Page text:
The Douglas XCG-17 was an experiment cargo carrying glider produced by removing the engines from a standard C-47 Skytrain. The engine nacelles remained, and were simply faired over. The design reached the prototype stage in the summer of 1944, and was a technical success. The XCG-17 could carry up to 15,000lb of cargo, giving it the biggest capacity of any Allied glider (although well behind that of the Messerschmitt Me 321 Gigant, which could carry a 44,000lb tank). It handled better in the air than the Allies’ existing cargo gliders, with a lower stalling speed, which made landing safer, a flatter gliding angle and a higher towing speed. The biggest problem with the XCG-17 was that it arrived too late. The single prototype was stored until the end of the war, and was then given new engines and sold as surplus.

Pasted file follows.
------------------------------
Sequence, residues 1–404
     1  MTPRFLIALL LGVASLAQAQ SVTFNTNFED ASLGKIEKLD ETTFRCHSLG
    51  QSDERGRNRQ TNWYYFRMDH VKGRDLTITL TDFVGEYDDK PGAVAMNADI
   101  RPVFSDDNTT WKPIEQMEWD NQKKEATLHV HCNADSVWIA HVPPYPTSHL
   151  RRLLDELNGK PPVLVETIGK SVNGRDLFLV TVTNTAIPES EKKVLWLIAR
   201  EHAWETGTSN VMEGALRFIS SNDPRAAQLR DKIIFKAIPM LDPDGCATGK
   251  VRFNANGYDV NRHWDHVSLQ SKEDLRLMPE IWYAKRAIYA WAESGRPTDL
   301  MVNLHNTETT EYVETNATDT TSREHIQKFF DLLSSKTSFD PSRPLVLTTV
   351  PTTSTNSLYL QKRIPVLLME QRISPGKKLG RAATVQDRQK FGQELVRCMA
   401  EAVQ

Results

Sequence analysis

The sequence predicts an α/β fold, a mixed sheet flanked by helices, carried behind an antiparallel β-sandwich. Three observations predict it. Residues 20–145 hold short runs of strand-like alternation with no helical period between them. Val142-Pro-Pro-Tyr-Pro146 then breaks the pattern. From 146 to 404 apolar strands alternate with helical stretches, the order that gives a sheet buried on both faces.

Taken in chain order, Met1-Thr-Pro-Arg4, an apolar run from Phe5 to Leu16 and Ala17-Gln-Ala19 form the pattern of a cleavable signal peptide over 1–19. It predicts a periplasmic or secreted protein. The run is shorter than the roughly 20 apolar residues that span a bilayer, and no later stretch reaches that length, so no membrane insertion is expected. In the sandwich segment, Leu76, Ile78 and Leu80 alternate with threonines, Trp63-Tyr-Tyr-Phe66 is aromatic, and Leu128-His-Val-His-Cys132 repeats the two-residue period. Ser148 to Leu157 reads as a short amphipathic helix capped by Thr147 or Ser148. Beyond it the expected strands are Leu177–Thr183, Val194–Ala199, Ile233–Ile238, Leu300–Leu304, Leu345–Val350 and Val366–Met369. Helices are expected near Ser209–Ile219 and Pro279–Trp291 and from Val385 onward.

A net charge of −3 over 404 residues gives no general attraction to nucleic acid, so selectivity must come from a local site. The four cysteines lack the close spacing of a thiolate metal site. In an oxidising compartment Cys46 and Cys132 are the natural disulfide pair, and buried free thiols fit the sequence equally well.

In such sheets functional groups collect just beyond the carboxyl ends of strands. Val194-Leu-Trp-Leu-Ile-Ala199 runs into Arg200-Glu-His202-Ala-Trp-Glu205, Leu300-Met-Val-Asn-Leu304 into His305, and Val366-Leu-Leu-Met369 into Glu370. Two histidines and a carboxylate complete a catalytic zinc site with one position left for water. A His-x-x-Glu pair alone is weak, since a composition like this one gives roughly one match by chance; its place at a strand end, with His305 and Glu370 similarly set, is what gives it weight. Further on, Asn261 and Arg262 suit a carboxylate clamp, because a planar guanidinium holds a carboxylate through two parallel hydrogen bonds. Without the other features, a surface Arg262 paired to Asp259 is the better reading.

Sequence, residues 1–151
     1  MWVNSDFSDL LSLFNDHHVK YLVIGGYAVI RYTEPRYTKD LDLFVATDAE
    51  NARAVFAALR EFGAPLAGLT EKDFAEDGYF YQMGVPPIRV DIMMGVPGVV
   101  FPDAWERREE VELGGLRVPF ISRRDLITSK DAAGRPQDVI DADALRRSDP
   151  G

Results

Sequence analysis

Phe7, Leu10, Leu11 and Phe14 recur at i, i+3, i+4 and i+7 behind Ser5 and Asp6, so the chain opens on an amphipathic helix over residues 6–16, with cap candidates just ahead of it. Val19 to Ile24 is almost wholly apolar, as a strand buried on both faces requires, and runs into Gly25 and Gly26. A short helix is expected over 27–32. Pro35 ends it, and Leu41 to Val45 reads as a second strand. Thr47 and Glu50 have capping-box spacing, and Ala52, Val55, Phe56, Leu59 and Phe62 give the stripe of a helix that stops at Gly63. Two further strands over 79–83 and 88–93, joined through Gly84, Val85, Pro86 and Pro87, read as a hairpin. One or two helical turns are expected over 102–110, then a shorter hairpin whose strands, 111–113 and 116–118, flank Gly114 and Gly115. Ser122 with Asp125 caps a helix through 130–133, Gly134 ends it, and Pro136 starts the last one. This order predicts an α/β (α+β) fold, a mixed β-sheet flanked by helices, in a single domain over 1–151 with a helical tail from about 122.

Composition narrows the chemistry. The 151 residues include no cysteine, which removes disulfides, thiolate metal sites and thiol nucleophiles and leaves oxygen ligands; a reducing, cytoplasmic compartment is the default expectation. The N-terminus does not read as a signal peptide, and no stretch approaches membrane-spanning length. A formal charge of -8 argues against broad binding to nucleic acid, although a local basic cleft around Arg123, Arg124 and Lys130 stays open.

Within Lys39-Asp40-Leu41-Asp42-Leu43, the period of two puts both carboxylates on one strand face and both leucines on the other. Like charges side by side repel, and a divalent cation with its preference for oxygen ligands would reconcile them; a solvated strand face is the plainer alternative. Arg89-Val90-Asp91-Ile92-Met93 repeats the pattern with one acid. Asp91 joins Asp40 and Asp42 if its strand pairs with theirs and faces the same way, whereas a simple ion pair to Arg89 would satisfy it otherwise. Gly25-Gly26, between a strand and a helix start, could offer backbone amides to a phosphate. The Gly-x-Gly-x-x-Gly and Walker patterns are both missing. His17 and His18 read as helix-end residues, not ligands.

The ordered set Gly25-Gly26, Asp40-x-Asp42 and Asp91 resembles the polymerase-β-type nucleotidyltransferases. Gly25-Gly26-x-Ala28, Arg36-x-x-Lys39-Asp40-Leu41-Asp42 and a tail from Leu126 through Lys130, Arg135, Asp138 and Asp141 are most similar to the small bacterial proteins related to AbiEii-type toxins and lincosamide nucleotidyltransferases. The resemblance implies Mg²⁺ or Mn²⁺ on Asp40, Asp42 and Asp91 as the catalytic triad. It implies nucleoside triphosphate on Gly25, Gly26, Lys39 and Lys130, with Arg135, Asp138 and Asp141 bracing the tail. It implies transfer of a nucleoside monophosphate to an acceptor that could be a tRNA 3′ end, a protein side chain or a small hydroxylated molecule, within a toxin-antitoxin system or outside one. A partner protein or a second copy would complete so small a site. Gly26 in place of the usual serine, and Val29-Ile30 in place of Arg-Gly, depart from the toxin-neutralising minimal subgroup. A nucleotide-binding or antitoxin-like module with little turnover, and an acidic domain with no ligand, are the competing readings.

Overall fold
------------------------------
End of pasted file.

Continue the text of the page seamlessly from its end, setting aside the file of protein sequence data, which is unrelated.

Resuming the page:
How to cite this article:
Rickard, J (12 November 2008), Douglas XCG-17 , http://www.historyofwar.org/articles/weapons_XCG-17.html